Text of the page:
People can’t work to their highest standard if they are unsure of what they are meant to be doing and what they are working towards. Each game the Melbourne Storm are focussed on what they have to do to win that game. While the premiership is an important focus at the start of the season, a great team knows they won’t be playing in the finals if they aren’t focussing on winning each game, as it comes up.

As the leader of our business we must have absolute clarity about what results we are looking for from our business and what our business needs to look like to achieve that.

We must have absolute clarity about what are all the functions which need to be performed in the business to achieve those results and what people we need to help us achieve those functions and outcomes.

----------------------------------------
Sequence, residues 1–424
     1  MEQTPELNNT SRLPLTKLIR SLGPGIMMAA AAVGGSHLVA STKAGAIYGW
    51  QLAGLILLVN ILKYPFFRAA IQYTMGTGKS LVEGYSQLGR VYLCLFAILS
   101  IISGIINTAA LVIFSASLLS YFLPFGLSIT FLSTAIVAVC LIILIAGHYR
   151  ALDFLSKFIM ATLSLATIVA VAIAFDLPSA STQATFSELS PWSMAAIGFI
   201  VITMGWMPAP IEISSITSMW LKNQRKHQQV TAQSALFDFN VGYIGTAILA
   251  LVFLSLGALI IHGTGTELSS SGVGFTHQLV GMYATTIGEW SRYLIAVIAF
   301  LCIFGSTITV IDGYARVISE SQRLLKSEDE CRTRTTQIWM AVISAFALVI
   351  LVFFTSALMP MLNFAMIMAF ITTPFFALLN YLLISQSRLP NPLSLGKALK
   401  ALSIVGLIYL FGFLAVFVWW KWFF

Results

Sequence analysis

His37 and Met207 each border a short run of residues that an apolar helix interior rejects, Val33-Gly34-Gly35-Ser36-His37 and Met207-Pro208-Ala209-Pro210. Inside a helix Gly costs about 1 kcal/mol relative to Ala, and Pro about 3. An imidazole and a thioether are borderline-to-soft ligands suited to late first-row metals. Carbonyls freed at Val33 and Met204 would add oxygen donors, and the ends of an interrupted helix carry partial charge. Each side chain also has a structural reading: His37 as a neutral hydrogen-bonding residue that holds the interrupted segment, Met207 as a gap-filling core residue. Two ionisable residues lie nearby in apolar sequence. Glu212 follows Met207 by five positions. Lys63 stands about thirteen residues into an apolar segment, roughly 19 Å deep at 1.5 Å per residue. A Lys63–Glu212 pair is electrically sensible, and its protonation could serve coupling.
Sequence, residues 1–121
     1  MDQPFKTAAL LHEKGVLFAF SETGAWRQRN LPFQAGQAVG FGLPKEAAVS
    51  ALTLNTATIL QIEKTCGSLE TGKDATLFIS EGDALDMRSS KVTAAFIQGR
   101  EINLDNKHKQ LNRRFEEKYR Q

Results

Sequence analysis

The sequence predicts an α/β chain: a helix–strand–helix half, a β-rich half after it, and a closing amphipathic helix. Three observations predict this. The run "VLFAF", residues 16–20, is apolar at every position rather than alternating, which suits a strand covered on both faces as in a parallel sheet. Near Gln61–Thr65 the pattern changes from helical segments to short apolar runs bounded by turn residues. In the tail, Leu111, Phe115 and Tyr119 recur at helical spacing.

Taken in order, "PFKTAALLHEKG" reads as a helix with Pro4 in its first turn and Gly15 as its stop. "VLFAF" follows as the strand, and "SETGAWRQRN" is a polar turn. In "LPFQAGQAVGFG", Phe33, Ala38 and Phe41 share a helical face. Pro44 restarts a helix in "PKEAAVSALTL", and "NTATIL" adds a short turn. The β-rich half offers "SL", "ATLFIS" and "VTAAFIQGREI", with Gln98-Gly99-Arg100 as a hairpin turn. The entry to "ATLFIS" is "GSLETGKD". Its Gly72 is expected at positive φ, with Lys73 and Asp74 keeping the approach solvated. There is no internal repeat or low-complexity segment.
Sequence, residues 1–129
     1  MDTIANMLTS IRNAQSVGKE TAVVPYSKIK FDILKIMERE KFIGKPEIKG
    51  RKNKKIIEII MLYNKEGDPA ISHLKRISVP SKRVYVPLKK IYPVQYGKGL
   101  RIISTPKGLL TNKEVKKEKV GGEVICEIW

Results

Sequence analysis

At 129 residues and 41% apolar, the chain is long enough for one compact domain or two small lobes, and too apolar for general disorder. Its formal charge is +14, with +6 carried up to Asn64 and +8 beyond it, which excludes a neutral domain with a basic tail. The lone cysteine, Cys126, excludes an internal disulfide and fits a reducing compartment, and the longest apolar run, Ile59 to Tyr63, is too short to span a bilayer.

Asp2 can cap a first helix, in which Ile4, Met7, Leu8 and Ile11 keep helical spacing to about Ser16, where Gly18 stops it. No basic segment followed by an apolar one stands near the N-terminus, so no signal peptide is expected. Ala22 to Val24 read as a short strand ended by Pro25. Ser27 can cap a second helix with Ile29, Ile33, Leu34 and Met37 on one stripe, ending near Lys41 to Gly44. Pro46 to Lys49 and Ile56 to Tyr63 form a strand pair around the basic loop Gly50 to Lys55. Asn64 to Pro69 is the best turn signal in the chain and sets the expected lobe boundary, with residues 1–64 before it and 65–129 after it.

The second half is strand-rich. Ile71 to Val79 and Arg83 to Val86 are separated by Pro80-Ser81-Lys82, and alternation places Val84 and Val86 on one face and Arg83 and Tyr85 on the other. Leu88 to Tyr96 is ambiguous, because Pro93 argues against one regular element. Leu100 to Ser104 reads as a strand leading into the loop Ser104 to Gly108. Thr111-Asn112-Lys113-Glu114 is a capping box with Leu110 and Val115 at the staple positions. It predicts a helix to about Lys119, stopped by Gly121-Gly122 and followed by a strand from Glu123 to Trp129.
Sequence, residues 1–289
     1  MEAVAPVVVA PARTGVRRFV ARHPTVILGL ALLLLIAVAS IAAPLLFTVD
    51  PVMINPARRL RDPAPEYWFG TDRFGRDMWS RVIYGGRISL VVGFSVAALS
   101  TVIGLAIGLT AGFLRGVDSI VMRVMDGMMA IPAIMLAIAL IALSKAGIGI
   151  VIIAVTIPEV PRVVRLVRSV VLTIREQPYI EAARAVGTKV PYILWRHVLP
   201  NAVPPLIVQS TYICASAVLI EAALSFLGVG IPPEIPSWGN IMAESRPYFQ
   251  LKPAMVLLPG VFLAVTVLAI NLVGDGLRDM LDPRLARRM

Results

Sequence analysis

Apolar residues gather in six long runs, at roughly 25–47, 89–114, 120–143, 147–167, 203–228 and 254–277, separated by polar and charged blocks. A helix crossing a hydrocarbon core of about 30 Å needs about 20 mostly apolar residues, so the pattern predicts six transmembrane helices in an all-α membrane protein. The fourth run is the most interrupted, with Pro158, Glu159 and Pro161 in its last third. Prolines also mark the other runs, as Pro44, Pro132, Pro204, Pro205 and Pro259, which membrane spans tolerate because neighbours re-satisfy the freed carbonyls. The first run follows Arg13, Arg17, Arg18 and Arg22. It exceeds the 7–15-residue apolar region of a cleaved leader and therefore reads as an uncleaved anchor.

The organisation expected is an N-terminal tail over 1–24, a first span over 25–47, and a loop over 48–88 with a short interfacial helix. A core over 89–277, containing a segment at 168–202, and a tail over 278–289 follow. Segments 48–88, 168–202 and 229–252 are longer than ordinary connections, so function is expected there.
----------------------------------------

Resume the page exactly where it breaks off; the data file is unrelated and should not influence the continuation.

Likewise, our team must have absolute clarity about where the business is headed and what they need in their role to help them achieve that outcome.

Have you and your team got absolute clarity?

If so, great you are only a few games away from ultimate victory. If not, here’s a great place to start.

2. Strong behavioural frameworks

Craig Bellamy, the coach of Melbourne Storm, is often referred to as “the best coach in the modern era”. One thing for certain is he does not tolerate questionable behaviour from any of his team. As the coach he consistently addresses any misdemeanour, no matter how small; firmly but fairly.

Likewise, as a business leader seeking to have a high performing team, if you’re not actively shaping ALL the behaviours of your team members you’re actively neglecting a key component of any high performing team. Behaviours drive everything we do – good and bad. When it comes to business you need to be ensuring everyone’s actions and behaviours are conducive to helping you achieve the success you are looking for.